Five O’Clock Follies

This is a continuation of the narration in the post “Good Morning Vietnam.”

As I pondered what I was supposed to do in Saigon I looked up and saw it, the Rex Hotel, and I knew.  The Rex is where the US military had its daily press briefings during the Viet Nam War, the “Five O’clock Follies.”  I noticed, later, that that “Five O’clock Follies” is now the name of the bar where the briefings took place.

I knew if the Rex close so was the Caravelle.  The Caravelle was where many journalists stayed and where bureaus had their offices.  It’s rooftop bar was where they came at night to exchange stories.  The views from the roof provided the backdrop for the network standups.  Sometimes when there was an attack in the city or fighting across the Saigon River it was a platform for cameras to get video when the journalists could not get close to the story.  We had to go to the Caravelle rooftop bar and raise a toast to journalists who were not imbedded but covered the war independently.

The Caravelle wasn’t on my map so I asked directions.  I got the smiling answer “Oh that nest of journalists and spies.”  He pointed me in the direction and my first glimpse was disappointing.  It was a huge high rise.  I knew the Caraville was 9 stories, 10 if you count the roof.  But I want in anyway and asked if they still had a rooftop bar.  The door lady smiled and said, “It’s in our heritage wing, to the left.  Take the last set of elevators to the 9th floor.”  The bar’s name — Saigon Saigon.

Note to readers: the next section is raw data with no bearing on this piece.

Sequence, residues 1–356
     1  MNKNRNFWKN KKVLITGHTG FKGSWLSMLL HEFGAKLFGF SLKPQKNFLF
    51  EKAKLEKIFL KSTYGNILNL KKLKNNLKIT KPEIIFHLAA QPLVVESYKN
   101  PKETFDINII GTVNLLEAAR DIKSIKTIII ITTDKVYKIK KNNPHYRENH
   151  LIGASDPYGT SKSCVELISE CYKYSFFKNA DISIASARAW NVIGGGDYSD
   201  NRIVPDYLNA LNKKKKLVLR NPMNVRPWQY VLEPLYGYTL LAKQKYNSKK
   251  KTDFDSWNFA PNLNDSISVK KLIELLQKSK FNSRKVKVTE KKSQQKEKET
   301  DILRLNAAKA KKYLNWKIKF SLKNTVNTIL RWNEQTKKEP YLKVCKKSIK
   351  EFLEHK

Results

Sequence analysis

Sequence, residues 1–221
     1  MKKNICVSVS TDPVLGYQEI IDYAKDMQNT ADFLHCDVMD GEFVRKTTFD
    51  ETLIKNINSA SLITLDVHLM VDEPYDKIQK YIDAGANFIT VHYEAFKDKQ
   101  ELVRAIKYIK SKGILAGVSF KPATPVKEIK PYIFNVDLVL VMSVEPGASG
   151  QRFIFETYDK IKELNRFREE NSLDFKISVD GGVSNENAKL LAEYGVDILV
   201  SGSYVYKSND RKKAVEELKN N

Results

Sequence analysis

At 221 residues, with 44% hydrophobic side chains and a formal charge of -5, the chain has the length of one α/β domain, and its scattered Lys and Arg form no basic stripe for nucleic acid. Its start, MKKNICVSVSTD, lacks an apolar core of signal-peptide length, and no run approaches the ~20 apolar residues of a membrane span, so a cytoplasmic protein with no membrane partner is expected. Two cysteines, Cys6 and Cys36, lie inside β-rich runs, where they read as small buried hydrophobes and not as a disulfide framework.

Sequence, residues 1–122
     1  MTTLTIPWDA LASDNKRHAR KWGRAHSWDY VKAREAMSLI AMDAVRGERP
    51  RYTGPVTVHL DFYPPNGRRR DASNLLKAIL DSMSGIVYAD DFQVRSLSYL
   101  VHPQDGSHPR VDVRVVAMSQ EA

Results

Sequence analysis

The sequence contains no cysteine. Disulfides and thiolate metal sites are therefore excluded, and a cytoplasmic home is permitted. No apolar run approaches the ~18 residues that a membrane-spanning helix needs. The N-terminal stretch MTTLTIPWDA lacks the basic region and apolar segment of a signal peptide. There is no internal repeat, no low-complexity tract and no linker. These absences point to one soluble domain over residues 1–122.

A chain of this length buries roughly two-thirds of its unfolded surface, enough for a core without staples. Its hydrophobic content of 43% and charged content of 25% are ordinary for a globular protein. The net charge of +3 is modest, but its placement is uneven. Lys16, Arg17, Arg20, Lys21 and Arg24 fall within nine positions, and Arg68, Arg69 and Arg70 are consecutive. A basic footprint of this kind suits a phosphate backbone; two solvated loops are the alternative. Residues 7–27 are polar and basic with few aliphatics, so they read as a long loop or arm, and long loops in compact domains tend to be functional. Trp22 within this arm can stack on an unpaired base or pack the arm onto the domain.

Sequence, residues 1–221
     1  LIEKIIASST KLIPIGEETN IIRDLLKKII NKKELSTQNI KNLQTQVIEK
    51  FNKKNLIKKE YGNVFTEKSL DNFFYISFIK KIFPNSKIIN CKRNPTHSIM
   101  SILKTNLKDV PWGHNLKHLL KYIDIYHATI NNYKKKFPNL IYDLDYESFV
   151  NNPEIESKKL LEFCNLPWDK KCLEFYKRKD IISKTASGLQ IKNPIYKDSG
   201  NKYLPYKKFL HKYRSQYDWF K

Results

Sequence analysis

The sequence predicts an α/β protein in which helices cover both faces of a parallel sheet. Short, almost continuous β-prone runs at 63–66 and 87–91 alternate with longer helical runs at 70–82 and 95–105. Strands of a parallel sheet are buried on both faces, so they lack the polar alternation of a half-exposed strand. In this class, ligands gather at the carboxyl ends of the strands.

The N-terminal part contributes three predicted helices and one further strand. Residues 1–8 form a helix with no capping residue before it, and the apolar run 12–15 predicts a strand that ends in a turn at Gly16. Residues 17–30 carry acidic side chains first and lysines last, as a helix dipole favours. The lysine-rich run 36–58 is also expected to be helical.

On the ninth floor we took the winding stairs to the roof, which had its wooden pavilion with ceiling fans covering part of the roof, giving shade.  Much of the historic view was blocked by new buildings, including the new section of the Caraville itself.  You could no longer see the Rex across the square.

Suzi and I were the only customers, although another couple came up later.  There were photos of Peter Jennings and the Australian, Peter Arnett, the Pulitzer Prize winning AP reporter who elected to stay in Saigon after the fall to continue to cover the story.  Placemats had pictures of several ABC journalists standing on roof.  Saigon Saigon offered a house brew, on tap, that “replicated the local beer that the correspondents would have had here.”  We ordered two and I did what I had to do.

I raised a toast to the journalists who on this roof, and in the rooms below wrote “the first draft of history.”  They changed war coverage forever.  Some of them I knew, like Peter Herford, CBS Saigon Bureau Chief or Neil Conan from Pacifica.  Some I knew only by their bylines.  Suzi and I touched glasses. “To a free press” and because, despite the McDonalds, Starbucks, and even Popeye’s Chicken, Viet Nam is still a state without press freedom, “May Viet Nam someday have one.”

 

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